The Grand Canyon may already be on your bucket list (and for good reason), but it’s fair to say that the state of Arizona has a lot more to offer than its celebrity park: It’s home to 21 National Park Service sites and 27 state parks.
Arizona has a reputation for being all desert, sand, and cactus, but with its canyons, craters, ancient ruins, and enduring legends, the state is home to some of North America’s most astonishing landscapes.
Cactus, ponderosa pines, aspens, and fir trees are all to be found at Saguaro National Park. The 92,000-acre park ranges between 2,300 feet in the West (Red Hills Tucson Mountain District) to 8,482 feet in the East (Rincon Mountain District). Thanks to such an extreme elevation, Saguaro National Park is home to more than 1,700 species of plants and animals, making it one of the most biologically diverse parks in the country.
Each district has its own visitor center, where guests can learn about the park’s plants and animals, geology and archaeology, ranger-led events and interpretive activities.
A few hundred million years ago, rivers and streams flowed through a lowland basin where thickets of coniferous trees, some 9 feet in diameter and 200 feet tall, towered over the landscape. Over time, some of those trees fell, were washed downstream and buried. Time passed, lots of time, and woody tissue was replaced by dissolved silica. Meanwhile, Earth’s land mass shifted.
Today, those trees are the main attraction of Petrified Forest National Park. But there’s a lot more to the park than the trees. In addition to jaw-dropping vistas of the Painted Desert, the park holds an assortment of fossils, Native American ruins, and petroglyphs, along with 50,000 acres of wilderness that hikers can explore.
Dead Horse Ranch State Park packs a lot into 423 acres. Visitors may enjoy RV camping, fishing, biking, and hiking. There are places to picnic, trails to hike, bike, and horseback ride.
The park revolves around life on the Verde, one of the last free-flowing rivers in the Sonoran Desert.
The wildlife activity changes with the seasons. You might see otters, hawks, bald eagles, great blue herons, coyotes, raccoons, mule deer, frogs, and toads. Well-maintained trails ramble along the river, climb red rock hillsides, and duck through stands of cottonwoods and mesquite.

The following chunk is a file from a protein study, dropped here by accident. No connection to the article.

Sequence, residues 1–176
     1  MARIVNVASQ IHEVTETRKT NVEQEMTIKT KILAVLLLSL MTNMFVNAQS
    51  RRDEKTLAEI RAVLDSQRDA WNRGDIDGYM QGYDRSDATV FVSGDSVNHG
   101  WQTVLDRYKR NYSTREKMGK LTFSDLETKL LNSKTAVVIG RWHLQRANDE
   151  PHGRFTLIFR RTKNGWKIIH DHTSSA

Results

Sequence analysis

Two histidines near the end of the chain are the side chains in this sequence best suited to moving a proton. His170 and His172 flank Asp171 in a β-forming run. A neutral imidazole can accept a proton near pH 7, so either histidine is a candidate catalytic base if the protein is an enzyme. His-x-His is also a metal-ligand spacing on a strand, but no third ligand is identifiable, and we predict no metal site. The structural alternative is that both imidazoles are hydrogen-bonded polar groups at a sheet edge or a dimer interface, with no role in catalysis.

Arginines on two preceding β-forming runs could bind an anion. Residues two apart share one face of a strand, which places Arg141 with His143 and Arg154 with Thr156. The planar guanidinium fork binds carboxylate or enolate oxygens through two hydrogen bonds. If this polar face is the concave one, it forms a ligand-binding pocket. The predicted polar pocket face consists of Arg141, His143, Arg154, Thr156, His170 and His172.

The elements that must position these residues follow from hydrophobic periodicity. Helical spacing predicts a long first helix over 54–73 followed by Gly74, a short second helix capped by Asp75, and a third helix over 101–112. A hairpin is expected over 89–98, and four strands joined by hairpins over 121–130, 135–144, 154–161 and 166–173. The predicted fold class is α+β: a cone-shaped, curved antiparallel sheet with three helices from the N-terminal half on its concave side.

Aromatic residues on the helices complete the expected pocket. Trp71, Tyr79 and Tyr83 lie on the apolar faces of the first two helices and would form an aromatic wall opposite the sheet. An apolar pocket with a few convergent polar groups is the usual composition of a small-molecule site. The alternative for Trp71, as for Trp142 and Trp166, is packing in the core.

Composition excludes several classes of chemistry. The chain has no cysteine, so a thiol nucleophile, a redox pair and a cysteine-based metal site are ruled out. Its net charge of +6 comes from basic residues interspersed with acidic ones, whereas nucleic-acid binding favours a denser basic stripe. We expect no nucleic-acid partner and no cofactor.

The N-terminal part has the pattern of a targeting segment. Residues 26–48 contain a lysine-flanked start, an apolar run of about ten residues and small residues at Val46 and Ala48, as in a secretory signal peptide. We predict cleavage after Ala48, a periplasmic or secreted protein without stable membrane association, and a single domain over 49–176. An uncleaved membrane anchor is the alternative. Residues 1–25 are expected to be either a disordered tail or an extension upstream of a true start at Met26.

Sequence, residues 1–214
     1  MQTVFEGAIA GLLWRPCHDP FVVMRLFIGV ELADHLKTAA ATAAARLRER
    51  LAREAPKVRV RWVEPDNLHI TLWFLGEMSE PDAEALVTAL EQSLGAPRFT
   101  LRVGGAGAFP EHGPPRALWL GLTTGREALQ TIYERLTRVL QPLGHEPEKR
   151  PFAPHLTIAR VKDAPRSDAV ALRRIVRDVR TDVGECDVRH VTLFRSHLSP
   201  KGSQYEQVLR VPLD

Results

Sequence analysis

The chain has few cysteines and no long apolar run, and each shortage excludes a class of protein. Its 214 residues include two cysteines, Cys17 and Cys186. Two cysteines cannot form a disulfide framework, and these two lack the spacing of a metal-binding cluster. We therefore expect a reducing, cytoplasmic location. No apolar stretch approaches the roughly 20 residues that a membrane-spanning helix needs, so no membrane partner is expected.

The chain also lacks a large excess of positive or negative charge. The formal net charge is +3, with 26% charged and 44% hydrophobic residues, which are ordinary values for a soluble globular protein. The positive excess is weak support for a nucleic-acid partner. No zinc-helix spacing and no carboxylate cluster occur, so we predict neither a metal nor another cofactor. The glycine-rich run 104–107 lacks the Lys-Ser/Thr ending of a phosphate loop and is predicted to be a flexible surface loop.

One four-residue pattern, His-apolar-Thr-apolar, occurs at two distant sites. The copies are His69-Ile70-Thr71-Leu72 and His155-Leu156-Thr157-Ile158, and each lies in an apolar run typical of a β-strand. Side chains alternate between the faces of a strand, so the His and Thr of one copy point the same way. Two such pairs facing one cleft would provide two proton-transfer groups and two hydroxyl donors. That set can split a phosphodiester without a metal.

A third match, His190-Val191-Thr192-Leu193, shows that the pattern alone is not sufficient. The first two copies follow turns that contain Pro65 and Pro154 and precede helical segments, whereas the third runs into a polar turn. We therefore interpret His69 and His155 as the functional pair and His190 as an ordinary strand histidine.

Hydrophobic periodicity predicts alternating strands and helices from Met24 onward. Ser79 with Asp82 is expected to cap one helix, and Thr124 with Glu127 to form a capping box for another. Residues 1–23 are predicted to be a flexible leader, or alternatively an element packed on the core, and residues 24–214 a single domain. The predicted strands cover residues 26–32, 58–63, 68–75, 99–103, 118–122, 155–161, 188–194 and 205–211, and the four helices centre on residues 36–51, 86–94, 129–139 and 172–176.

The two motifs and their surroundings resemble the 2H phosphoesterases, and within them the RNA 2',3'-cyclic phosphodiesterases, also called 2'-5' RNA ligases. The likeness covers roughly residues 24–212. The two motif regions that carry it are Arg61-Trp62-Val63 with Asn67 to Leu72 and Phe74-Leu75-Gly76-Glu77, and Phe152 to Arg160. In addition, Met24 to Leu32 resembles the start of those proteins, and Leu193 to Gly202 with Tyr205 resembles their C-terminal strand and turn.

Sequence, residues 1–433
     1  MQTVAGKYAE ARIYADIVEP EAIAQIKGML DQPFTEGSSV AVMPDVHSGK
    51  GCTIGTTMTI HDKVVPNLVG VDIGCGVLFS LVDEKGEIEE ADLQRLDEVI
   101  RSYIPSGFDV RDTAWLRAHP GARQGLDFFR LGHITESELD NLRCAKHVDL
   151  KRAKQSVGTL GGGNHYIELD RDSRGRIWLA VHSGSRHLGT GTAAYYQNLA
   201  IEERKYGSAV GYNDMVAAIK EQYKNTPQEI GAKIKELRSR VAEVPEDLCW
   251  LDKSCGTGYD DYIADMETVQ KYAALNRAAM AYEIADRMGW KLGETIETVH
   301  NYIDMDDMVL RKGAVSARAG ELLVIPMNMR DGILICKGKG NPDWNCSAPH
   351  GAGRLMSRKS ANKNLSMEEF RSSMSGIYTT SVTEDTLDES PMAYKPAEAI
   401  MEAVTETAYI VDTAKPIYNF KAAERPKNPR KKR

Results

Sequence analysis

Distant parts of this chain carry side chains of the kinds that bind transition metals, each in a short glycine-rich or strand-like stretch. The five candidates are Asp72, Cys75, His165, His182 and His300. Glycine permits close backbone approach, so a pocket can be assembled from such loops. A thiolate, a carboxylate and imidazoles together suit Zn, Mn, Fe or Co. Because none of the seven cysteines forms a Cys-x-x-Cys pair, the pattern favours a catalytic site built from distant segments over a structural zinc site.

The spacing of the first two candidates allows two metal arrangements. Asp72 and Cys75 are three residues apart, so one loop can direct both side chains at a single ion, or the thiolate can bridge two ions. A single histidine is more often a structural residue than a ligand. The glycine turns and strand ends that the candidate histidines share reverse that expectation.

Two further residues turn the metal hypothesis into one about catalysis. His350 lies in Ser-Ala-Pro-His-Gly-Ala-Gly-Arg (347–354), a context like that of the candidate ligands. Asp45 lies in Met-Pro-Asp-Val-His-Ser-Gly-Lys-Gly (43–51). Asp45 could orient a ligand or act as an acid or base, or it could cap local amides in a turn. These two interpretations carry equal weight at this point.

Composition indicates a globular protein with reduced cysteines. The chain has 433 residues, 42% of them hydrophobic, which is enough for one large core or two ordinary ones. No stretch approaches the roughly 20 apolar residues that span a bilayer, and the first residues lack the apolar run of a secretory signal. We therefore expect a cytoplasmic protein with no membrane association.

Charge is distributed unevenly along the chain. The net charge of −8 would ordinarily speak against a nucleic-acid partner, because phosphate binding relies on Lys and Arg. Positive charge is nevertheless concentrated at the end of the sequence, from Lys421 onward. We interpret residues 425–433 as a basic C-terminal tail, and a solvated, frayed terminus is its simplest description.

Glen Canyon National Recreation Area is a sprawling, remote gorge in northern Arizona and southern Utah. Dozens of side canyons spill into it, sloping creeks and red-walled slots flanked by high cliffs, hoodoos, and arches.
Glen Canyon’s 1.25 million acres encompass Lake Powell, Glen Canyon Dam, and Lees Ferry, known for its trout fishing and as the put-in spot for Colorado River raft trips.
Lake Powell Resort and Wahweap Marina offer RV camping on the lake, boat tours, and watercraft rentals of all kinds, from houseboats to kayaks.
Step back in time at Canyon de Chelly National Monument. Steep Canyon Walls cradle hundreds of ancient pueblo ruins.
Recognized as one of the longest continually inhabited landscapes in North America, see pueblo ruins built between 350 and 1300 A.D. ―as well as a contemporary Navajo Indian community that still inhabits the canyon floor, herding sheep during the summer months.
Two self-guided drives follow the rims of the canyon. At the end of the South Rim Drive, take in the sights from the popular Spider Rock overlook, featuring the park’s signature formation.
Take advantage of one of Canyon de Chelly’s many campsites in the Cottonwood Campground.
To my mind these live oak-dotted hills fat with side oats grama, these pine-clad mesas spangled with flowers, these lazy trout streams burbling along under great sycamores and cottonwoods, come near to being the cream of creation.
—Aldo Leopold, 1937